This week I’m thinking about the obstacles people face when transitioning into a new church after choosing to make a break with the Church of Jesus Christ of Latter-day Saints. As I surveyed people making that journey, one set of obstacles had to do with the difficulty of moving from one religious and cultural identity to another.
Several respondents spoke of a loss of personal equilibrium. This transition requires a re-ordering of one’s world view. People reported that everything they believed, along with their personal sense of identity, was all turned upside down. In that situation, its natural that a person would feel vulnerable and personally disoriented. This general confusion makes it hard to develop a solid relationship with a new faith community.
One respondent said:
“I’ve been out of Mormonism for a year now and only the last few months have I truly been able to start letting go permanently of some of the stuff I got from them. I was a basket case the first few months. There is so much information I’m still learning about it.”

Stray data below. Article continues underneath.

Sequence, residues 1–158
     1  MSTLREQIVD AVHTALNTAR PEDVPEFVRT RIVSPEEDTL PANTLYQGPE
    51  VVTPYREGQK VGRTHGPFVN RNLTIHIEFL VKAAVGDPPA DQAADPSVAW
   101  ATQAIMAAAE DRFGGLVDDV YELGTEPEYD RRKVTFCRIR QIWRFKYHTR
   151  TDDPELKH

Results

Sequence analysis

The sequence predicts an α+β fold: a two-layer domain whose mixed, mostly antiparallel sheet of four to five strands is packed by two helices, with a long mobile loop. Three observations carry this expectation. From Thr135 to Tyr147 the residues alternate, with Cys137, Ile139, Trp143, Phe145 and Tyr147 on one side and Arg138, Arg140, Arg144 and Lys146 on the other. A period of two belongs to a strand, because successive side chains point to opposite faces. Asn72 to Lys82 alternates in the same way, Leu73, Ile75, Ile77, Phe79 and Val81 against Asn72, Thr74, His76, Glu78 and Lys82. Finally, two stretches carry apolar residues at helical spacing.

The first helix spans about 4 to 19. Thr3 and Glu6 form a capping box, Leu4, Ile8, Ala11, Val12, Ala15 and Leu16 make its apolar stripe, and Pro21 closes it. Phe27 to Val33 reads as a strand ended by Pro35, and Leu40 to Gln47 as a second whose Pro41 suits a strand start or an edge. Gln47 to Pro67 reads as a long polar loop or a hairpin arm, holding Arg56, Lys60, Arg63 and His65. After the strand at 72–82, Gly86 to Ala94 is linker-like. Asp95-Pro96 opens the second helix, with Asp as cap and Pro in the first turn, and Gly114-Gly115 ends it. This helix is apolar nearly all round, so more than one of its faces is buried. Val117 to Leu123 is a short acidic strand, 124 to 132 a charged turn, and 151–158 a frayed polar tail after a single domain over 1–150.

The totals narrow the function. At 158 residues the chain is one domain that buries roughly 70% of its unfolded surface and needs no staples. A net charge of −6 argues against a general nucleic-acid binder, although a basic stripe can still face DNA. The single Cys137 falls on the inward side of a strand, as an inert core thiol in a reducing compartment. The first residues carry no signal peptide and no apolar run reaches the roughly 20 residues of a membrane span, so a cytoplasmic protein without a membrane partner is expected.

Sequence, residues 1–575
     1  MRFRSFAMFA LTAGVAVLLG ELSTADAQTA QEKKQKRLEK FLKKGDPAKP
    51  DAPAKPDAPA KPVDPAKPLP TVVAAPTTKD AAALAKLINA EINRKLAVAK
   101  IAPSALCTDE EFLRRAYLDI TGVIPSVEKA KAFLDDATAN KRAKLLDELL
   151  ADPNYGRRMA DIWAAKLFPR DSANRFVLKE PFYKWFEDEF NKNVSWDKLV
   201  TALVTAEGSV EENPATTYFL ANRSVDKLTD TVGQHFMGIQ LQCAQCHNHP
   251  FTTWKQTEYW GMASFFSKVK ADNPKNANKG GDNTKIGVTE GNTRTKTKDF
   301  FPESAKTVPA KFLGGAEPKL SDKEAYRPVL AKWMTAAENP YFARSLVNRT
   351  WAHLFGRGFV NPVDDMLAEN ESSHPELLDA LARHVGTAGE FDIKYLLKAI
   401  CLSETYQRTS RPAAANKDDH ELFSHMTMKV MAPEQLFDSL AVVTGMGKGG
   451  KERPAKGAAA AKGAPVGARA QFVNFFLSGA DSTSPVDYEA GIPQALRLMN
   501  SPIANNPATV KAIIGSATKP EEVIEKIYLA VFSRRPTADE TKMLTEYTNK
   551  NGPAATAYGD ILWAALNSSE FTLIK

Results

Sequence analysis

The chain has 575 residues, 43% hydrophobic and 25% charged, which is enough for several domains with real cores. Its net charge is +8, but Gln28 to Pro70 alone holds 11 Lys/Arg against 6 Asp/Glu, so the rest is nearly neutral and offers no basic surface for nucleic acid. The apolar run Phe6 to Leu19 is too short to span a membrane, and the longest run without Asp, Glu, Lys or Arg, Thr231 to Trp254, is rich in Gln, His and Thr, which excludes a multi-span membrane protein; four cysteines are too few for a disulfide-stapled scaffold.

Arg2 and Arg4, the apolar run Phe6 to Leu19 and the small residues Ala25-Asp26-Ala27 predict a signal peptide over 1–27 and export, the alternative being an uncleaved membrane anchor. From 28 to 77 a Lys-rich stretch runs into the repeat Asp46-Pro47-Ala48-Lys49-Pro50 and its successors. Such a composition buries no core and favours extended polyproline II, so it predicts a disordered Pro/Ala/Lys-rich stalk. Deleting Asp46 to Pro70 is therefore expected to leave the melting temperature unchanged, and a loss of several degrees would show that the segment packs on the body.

Related to this general disorientation, many transitioning LDS seem to go through the unsettling experience of being confused about which ideas and experiences come from Mormonism and which ones don’t. People reported to me that they would find themselves sitting in church thinking: “Did that point the pastor just made come from Mormonism? Is this hymn a Mormon hymn?” As one respondent said, “I still struggle to relearn things that were taught wrong to me in the Mormon church.”
Another related issue has to do with emotional “triggers”. People report becoming unsettled when something in their new church experience reminds them too strongly of Mormonism.
This is not to say that a person’s beliefs and experiences as a Mormon were all negative. The person making a transition is simply trying to sort out the features of his or her new faith landscape. Because many of them felt deceived by the LDS Church, it can be difficult to sort out who to trust or what to believe. The transition involves a time of testing and weighing ideas and experiences against new norms.